Friday, September 11, 2020


It used to be the case that view cameras were an essential part among the equipment of professional photographers.  They offer advantages that other cameras simply don’t have.  Digital image manipulation software like Photoshop or Lightroom have enabled photographers to compensate for the shortcomings of not using a view camera in post production.

However, post production is time consuming and not to the liking of everyone.  Even though most image manipulation software is relatively easy to do, it still has a considerable learning curve, especially when it comes to more complicated operations like correcting for not using a view camera.

View cameras are capable of a variety of things that otherwise are difficult to overcome.  For instance, they allow adjustments to eliminate converging or diverging lines in a photograph.  Tall buildings will never be correctly shown in a photograph taken with a conventional camera.  The sides of the building will be converging toward the top.  The view camera adjustments do allow correcting for that.


Converging lines                                                                View Camera corrected

Anyone who is interested in close up work will quickly become aware that enough depth of field is hard to come by.  Sure, we can stop down our lenses to increase depth of field, but that inevitably will cause shutter speeds to be slowed down.  While this is not a problem with inanimate subjects, close up photography out doors will quickly show how limited stopping down a lens can be, especially on windy days.  Here too the adjustments of a view camera can solve the problem easily,

Let’s take a closer look.  In order to photograph a tall building, it is necessary to tilt the camera upwards.  This the very reason for the converging lines.  The only time this will not be the case is when the film or sensor plane is parallel to the subject.  But that would cut off the top of the building.  Instead of tilting the camera, a view camera will allow to keep the film plane parallel to the building and still get the upward view by raising the lens.

To correct for lack of depth of field is a little bit more complicated.  Let’s look at a simply product photograph.  Since the film plane is not parallel to the subject plane, the lens must be stopped down considerably to gain enough depth of field.  A view camera, on the other hand, allows the application of the Scheimpflug principle.  It is named after Austrian army Captain Theodor Scheimpflug.  He found that by changing the position of the film or sensor plane (the focal plane) and that of the lens, a large number of problems could easily be solved.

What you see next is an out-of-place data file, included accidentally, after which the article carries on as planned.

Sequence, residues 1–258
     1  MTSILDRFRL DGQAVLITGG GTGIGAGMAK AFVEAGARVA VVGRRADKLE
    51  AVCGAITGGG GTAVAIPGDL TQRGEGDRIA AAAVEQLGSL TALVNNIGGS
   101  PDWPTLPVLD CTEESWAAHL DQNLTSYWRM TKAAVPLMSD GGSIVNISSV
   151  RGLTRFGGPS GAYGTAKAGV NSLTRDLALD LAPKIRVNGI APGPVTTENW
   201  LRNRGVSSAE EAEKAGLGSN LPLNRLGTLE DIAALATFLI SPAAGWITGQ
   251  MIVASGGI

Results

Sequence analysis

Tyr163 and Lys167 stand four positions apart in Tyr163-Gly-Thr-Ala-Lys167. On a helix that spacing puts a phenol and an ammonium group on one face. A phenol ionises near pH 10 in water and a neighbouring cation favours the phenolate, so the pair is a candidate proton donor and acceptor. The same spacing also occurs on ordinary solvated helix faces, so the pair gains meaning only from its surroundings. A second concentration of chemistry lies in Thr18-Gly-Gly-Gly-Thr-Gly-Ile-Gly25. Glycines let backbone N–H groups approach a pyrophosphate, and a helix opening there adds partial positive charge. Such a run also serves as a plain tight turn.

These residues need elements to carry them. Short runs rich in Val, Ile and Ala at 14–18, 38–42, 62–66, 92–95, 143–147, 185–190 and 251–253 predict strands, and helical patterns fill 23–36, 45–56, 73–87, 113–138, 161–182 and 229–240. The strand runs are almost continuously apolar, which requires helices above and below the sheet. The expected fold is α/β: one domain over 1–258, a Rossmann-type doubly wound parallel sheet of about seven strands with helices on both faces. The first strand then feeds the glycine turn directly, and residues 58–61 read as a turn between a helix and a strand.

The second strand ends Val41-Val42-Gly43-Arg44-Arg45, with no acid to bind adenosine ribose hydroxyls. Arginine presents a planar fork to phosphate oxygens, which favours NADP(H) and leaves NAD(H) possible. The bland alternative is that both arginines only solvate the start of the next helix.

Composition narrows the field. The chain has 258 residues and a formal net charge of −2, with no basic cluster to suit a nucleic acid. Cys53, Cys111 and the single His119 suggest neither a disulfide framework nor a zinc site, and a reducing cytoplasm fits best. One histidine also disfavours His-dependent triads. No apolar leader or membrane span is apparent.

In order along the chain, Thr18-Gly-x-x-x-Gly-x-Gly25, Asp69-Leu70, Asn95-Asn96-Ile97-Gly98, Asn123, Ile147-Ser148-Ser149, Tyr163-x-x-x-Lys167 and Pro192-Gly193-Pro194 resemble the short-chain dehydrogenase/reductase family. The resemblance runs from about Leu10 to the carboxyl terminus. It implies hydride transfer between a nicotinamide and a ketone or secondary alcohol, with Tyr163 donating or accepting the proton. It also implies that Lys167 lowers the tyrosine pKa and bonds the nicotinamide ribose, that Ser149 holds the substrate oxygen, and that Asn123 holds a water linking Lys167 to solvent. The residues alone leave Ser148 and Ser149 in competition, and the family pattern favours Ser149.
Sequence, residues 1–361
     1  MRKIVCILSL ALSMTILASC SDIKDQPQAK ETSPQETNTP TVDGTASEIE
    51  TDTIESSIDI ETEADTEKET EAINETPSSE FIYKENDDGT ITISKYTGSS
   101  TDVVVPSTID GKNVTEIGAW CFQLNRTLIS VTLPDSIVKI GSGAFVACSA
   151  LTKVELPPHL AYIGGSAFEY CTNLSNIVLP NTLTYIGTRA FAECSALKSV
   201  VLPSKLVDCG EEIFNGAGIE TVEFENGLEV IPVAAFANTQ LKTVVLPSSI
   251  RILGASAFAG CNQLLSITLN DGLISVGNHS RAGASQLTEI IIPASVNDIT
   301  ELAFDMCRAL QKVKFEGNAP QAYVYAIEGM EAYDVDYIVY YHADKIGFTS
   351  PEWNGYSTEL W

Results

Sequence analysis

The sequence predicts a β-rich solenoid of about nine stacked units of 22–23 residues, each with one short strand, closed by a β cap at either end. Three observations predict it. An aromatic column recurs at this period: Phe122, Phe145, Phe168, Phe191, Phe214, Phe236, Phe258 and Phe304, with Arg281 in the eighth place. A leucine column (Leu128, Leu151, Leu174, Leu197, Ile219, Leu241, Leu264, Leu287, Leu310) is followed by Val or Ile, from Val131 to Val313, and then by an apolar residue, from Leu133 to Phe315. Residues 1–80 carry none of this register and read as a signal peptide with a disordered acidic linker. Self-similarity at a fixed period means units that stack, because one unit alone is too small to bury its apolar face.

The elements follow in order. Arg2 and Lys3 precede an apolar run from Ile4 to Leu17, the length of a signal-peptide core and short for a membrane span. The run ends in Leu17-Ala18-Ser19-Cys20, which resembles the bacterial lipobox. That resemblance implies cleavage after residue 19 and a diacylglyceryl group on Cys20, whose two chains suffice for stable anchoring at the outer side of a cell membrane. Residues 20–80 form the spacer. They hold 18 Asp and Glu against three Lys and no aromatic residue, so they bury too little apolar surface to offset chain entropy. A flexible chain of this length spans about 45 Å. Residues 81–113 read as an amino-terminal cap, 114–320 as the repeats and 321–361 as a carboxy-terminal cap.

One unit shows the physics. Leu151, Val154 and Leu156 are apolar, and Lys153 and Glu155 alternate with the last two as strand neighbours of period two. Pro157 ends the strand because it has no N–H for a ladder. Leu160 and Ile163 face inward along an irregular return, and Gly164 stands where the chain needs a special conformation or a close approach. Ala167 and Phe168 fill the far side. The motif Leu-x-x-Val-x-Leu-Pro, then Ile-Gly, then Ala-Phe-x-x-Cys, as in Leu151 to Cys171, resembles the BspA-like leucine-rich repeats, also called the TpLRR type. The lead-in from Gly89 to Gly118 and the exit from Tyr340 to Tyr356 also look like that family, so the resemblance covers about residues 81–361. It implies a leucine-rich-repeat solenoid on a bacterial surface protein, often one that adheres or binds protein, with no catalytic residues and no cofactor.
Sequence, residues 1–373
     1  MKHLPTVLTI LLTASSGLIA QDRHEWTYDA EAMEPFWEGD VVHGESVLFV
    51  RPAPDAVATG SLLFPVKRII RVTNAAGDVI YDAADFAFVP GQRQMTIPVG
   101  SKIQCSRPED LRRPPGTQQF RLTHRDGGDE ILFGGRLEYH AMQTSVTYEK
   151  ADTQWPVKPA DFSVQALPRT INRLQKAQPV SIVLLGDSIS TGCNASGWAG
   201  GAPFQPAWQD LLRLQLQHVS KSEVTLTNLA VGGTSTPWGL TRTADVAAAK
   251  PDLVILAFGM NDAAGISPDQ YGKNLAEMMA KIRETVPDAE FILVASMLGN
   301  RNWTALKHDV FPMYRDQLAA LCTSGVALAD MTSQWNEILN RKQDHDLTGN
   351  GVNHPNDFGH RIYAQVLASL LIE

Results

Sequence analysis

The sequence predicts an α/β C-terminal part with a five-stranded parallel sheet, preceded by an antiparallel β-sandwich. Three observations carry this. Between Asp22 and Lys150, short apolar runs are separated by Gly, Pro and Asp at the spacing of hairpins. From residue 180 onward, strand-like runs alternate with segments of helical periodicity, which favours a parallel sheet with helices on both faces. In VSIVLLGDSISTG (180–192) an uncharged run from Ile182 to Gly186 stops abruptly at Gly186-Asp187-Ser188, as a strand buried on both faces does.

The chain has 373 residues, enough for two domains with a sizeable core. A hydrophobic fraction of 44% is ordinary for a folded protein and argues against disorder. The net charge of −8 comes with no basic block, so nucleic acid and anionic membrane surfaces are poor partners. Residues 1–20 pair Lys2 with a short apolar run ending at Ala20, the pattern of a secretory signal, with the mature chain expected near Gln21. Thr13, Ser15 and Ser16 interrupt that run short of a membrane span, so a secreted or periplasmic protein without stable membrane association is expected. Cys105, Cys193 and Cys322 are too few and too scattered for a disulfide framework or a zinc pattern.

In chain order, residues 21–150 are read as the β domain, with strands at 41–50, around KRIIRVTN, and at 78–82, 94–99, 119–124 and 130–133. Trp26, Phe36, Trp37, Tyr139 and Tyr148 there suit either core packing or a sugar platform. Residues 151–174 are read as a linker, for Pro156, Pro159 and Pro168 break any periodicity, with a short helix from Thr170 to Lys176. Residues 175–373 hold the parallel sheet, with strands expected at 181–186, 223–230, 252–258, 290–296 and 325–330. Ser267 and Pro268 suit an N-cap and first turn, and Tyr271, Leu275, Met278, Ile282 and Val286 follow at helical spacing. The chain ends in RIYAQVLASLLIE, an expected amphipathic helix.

In this example, depth of field is a definite problem.  Using a very small aperture is not necessarily the answer.  We must remember that camera lenses do not perform evenly at all apertures.  Especially stopping down beyond a certain f/stop will be accompanied by a deterioration of the image.  Applying the Scheimpflug principle will allow to use the aperture range at which the lens performs best.  This entails to tilt the lens, the focal plane or both in such a manner that the lens plane, the subject plane and the focal plane all intersect at the same point.  When that is the case, we will have virtually unlimited depth of field, or so it appears. Effectively what happens is that by using these movements, we actually tilt the plane of focus to be the same as the subject plane.


Tilting the lens such that its plane intersects with the intersection point of the subject
plane and the focal plane will render seemingly unlimited depth of field.

In this photograph by Ansel Adams the same principle was applied to gain sufficient depth of field.

The same applies with close up photography in nature.  Here too all we need to do is determine the subject place and adjust the lens and focal plane accordingly.  Stopping down the lens will then gain enough depth of field for any subject matter that is not within the subject plane.

Of course this brings up the question of how this applies to Leica equipment.  Any of the Leica SLR cameras and any of the Leica M-series cameras with live view can easily be converted to a small view camera with the Novoflex bellows BALPRO T/S or CASTBAL T/S.  Both will convert a camera into a small view camera.  Both offer adapters for a large variety of cameras as well as lenses.  In addition Novoflex offers a lens, specially designed for use with the view camera movements.  This is the SCHNEIDER KREUZNACH Apo DIGITAR 4,5/90mm.  It is optimized for digital cameras. The focusing range allows photography from infinity to 1.2x magnification with 35mm or full frame cameras and up to 1.8x magnification with APS-C cameras.

 Novoflex Balpro T/S  

 Novoflex Balpro T/S 

Novoflex Castbal T/S

Schneider Apo-Digitar 90mm f/4.5